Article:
1. In your child's first year of life did he/she have regular (at least once a week) contact with farm animals (e.g. cattle, pigs, goats, sheep or poultry) (Y/N)?

  2. Has this child's mother had regular (at least once a week) contact with farm animals (e.g. cattle, pigs, goats, sheep or poultry) while being pregnant with this child (Y/N)?

These questions were only included in the questionnaires for the 6- to 7-year olds, so our analysis was restricted to this age category and could not be extended to the 13- to 14-year olds.

ORs have been calculated using generalized linear-mixed models (GLMMs) for a binomial distribution and logit link and with the centres being modelled as a random effect. The analyses on all study participants were adjusted for gender, region of the world, language and gross national income (GNI). Regions of the world were: Africa, Asia-Pacific, Eastern Mediterranean, Latin America, North America, Northern and Eastern Europe, Oceania, Indian Subcontinent and Western Europe. The written questionnaire was translated from English into 53 languages, according to the ISAAC Phase Three protocol[3] that required back translation to English and comparison with the original.[8] For the analysis, languages were categorized as Arabic, Chinese, English, Hindi, Indonesian, Portuguese, Spanish and 'other' (comprising many different languages). In addition to the combined analyses, further analyses were conducted after stratification for gender and GNI. For GNI, countries were classified as 'affluent' or 'non-affluent' using a 2001 GNI value of US$ 9205 per capita as cut-off, which separates high-income countries from the low- (≤US$ 745), lower middle- (746–2975 US$) and upper middle- (2976–9205 US$) income countries.[9] Finally, multivariate analyses (GLMM) were conducted to check whether associations between symptoms and farm animal exposure were confounded by certain other variables in the environmental questionnaire such as maternal education, cooking fuel, maternal and paternal smoking, television watching, exercise, siblings (older and younger), fast food, truck traffic exposure and paracetamol use. In a sensitivity analysis, the effect of additional adjustment for cat and dog exposure in the first year of life was investigated. Centres were treated as simple random effects but region was included in the model as a fixed effect to account for the differences in level between regions.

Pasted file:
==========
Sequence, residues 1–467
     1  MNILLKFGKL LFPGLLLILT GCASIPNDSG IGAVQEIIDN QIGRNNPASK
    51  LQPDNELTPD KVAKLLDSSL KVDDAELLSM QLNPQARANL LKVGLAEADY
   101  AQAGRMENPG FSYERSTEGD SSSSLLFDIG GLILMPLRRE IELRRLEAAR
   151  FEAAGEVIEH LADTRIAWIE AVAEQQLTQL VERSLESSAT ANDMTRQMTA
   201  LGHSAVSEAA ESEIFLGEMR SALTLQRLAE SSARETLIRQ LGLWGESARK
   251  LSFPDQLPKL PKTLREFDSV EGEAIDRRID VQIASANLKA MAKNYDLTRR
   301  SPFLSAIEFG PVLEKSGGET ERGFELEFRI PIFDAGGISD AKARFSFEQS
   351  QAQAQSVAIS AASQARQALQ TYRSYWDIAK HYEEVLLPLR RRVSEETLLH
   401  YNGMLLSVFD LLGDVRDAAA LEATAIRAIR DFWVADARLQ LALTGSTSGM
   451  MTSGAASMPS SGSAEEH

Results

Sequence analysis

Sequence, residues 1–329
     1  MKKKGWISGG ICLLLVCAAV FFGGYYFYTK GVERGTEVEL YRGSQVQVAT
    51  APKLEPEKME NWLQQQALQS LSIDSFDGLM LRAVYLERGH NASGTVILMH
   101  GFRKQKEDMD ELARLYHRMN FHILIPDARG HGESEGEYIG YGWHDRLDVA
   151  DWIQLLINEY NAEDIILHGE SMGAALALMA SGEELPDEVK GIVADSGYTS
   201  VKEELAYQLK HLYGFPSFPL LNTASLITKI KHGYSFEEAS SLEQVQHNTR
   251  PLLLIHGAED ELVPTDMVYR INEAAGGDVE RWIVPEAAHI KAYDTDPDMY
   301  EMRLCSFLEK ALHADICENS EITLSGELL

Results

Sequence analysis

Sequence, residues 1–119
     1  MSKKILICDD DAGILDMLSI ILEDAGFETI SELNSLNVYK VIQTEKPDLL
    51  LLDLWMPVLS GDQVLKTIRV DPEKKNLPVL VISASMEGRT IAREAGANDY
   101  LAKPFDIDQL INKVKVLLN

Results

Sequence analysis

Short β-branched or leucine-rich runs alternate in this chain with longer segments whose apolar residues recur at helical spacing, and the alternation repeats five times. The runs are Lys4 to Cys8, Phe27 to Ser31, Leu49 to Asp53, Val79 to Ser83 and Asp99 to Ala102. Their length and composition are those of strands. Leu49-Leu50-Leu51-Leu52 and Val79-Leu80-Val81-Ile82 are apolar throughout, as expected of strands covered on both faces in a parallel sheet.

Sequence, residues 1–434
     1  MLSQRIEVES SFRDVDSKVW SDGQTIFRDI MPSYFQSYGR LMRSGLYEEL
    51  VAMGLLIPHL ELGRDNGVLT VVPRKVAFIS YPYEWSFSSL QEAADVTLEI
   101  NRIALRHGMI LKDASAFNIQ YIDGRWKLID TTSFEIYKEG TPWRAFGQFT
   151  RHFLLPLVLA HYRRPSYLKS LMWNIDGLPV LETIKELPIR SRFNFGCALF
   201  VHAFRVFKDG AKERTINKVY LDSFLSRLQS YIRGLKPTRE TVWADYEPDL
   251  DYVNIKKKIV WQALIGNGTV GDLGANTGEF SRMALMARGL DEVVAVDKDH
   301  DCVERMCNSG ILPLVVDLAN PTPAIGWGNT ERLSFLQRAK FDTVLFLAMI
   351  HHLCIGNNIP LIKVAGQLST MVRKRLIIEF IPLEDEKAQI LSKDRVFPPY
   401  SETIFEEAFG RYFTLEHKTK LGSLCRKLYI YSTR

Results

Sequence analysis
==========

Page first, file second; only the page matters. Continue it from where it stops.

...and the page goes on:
The final worldwide data set comprised 144 centres from 61 countries with 388 811 6- to 7-year-old children. Centres that had not undertaken the EQ were then excluded from the data set leaving a final EQ data set of 75 centres from 32 countries with 220 408 children. For inclusion in this analysis, centres were required to have ≥70% of participants with data on reported animal exposure. Six centres were accordingly excluded leaving 69 centres in 28 countries with 194 794 children with data on farm animal exposure. In the fully adjusted analyses, we excluded centres with <70% response rates. Missing values on covariables led to further reductions in the number of children included in the analyses and we documented to what extent results were influenced by these selections and adjustments.